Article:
Wednesday, October 3, 2018

Moby-Dick in the New York Morning Express

This notice of Moby-Dick in the New York Morning Express on November 17, 1851 borrows extensively from the Courier and Enquirer review of November 14th, but the texts are not identical. The Express tweaks the introduction before quoting the body of the earlier notice--using quotation marks and presenting it as the verdict of
"One who has read "Moby dick."
The reference to Melville's previous "squintings at his whaling experiences" appears only in the Express version.

New York Morning Express - November 17, 1851 via Fulton History


MOBY-DICK, OR THE WHALE. Herman Melville. Harpers.

Another book by the author of "Typee." What writer is more welcome? We have had a touch of his qualities on the sea, and some squintings at his whaling experiences, before, and are prepared to find in his new book a great deal of amusement and instruction, combined with his usual felicity. One who has read "Moby dick" tells us that it "has all the attractiveness of any of its predecessors; in truth it possesses more of a witching nature, since the author has taken in it a wilder play than ever before. It is ostensibly taken up with whales and whalers, but a vast variety of characters and subjects figure in it, all set off with an artistic effect that irresistibly captivates the attention. The author writes with the gusto of true genius, and it must be a torpid spirit indeed that is not enlivened with the raciness of his humor and the redolence of his imagination."  --New York Morning Express, November 17, 1851; found at Fulton History.
Herman Melville: The Contemporary Reviews, edited by Brian Higgins and Hershel Parker (Cambridge University Press, 1995; 2009 in paperback) gives the earlier notice in the Morning Courier and New-York Enquirer on page 374.

Morning Courier and New-York Enquirer - November 14, 1851
via Fulton History
As reported by David Potter in his survey of Reviews of Moby-Dick in The Journal of the Rutgers University Library Vol 3, No 2 (1940), the highly favorable Courier and Enquirer review was reprinted in Littell's Living  Age, vol. 32 (January 17, 1852).

Moby Dick; or the Whale. By Herman Melville. Harper and Brothers: New York.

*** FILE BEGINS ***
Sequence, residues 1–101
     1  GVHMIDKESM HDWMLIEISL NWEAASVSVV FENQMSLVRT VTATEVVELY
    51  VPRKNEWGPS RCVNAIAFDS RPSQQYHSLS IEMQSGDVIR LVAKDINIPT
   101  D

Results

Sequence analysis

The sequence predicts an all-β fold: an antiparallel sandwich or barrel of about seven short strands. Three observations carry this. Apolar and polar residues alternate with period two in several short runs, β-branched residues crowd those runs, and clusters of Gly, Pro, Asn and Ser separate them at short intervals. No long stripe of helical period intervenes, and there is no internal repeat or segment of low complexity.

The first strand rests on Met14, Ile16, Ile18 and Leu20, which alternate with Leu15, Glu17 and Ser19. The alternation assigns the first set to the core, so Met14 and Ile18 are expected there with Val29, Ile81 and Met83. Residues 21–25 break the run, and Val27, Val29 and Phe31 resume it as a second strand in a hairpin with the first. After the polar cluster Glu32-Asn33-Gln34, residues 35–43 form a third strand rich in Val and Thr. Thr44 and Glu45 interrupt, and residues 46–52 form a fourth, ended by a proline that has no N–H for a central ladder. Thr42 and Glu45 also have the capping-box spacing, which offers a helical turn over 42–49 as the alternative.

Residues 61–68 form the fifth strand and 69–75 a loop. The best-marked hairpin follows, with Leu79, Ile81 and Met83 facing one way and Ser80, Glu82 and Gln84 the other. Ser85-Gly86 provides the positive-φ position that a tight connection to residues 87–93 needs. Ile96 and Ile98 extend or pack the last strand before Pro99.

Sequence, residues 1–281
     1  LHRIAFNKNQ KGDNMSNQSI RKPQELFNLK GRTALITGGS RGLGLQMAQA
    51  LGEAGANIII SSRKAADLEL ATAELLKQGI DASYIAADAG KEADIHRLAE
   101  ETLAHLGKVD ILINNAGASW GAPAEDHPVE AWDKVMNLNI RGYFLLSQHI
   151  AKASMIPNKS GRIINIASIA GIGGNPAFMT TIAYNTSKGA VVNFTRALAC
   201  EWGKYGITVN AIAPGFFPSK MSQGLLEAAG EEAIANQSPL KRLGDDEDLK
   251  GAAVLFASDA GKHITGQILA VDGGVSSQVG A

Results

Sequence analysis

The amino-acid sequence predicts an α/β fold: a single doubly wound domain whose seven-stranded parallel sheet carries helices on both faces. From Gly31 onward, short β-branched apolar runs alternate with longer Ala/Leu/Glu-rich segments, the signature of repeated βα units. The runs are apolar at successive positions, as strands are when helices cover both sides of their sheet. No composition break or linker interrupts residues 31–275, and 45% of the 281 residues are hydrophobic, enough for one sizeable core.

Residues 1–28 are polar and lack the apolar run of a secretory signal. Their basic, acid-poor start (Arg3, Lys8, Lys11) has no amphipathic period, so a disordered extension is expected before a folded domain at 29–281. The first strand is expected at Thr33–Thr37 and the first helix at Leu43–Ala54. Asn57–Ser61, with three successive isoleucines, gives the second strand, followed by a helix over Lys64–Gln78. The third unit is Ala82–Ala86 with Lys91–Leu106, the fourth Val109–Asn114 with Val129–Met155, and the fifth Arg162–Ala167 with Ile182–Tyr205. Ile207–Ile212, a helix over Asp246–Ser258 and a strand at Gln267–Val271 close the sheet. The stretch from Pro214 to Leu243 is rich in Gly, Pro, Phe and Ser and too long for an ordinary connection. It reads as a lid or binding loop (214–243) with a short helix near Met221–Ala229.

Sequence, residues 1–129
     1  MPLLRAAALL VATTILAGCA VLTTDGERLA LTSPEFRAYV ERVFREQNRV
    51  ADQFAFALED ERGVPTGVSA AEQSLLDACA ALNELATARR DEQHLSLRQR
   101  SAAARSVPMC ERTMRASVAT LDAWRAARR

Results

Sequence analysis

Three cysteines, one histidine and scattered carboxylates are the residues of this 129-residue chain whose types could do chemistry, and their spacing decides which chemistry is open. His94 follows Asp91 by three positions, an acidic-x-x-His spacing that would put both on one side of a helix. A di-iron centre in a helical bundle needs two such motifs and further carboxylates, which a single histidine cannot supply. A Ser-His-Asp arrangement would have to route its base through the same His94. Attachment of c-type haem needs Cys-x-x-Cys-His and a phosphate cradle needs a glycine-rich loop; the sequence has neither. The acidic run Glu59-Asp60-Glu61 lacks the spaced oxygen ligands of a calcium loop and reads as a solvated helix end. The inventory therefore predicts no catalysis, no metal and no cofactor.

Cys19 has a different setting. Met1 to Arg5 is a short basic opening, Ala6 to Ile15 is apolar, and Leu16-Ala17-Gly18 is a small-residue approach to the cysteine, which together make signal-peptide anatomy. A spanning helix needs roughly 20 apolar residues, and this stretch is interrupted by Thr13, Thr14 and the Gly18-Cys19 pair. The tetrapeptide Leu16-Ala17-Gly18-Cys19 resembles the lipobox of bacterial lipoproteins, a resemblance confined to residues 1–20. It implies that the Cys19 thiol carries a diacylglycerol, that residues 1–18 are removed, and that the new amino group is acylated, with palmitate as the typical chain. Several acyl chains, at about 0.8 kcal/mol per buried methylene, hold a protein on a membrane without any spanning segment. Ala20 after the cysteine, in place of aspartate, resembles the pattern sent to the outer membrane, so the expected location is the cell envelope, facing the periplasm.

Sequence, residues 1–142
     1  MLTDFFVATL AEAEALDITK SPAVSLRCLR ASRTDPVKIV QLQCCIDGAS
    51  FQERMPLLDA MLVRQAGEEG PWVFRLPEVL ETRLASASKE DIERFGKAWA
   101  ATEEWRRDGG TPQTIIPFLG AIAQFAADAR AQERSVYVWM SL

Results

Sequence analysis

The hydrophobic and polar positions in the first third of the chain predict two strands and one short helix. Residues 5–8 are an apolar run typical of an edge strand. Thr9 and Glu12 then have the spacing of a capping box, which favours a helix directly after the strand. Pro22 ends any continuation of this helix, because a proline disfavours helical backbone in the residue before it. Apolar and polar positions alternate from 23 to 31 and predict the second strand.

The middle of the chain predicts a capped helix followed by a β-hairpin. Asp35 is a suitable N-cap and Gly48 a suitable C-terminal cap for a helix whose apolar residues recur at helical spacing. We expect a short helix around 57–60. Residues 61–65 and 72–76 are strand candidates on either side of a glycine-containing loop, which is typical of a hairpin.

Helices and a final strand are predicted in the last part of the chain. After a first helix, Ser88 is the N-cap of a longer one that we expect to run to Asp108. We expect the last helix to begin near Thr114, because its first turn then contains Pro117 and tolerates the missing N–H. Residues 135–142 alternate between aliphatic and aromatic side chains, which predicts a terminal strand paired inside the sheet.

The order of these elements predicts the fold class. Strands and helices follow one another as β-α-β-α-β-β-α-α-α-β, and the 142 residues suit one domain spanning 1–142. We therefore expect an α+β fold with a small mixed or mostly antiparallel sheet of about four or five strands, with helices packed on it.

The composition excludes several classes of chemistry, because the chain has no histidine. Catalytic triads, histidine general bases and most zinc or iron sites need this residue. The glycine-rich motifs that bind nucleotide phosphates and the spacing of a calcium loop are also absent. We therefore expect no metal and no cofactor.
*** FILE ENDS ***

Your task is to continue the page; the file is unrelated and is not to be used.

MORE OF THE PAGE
No American writer is more sure, at every reappearance, of a more cheerful welcome than the author of Typee. His purity and freshness of style and exquisite tact in imparting vividness and life-likeness to his sketches long since gained him hosts of admirers on both sides of the water. This book has all the attractiveness of any of its predecessors; in truth, it possesses more of a witching interest, since the author's fancy has taken in it a wilder play than ever before. It is ostensibly taken up with whales and whalers, but a vast variety of characters and subjects figure in it, all set off with an artistic effect that irresistibly captivates the attention. The author writes with the gusto of true genius, and it mast be a torpid spirit indeed that is not enlivened with the raciness of his humor and the redolence of his imagination.—
N. Y. Courier 
[as reprinted January 17, 1852 in Littell's Living  Age, vol. 32.]

Melville's new book, The Whale

Just as Moby-Dick was rolling out in the U. S., the New York Evening Post printed this brief notice of the favorable reception of The Whale across the pond, more or less buried in a long column of "Foreign Items":
"Herman Melville's new book "The Whale," now in press of the Harper's, is well received in England."  --New York Evening Post, November 12, 1851.
Reprinted in the Troy Daily Budget on November 13, 1851; also the Buffalo Commercial Advertiser on November 14, 1851; and the Buffalo Courier on November 15, 1851.

Wed, Nov 12, 1851 – Page 2 · The Evening Post (New York, New York, New York) ·

Monday, October 1, 2018

Hobbes's Leviathan, from the library of Herman Melville